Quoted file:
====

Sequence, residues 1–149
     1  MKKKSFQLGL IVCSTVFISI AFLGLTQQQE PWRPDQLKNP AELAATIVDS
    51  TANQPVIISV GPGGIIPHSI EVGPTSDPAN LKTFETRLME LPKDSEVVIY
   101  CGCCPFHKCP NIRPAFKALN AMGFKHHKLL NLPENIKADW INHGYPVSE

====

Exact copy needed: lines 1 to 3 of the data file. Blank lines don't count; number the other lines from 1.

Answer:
Sequence, residues 1–149
     1  MKKKSFQLGL IVCSTVFISI AFLGLTQQQE PWRPDQLKNP AELAATIVDS
    51  TANQPVIISV GPGGIIPHSI EVGPTSDPAN LKTFETRLME LPKDSEVVIY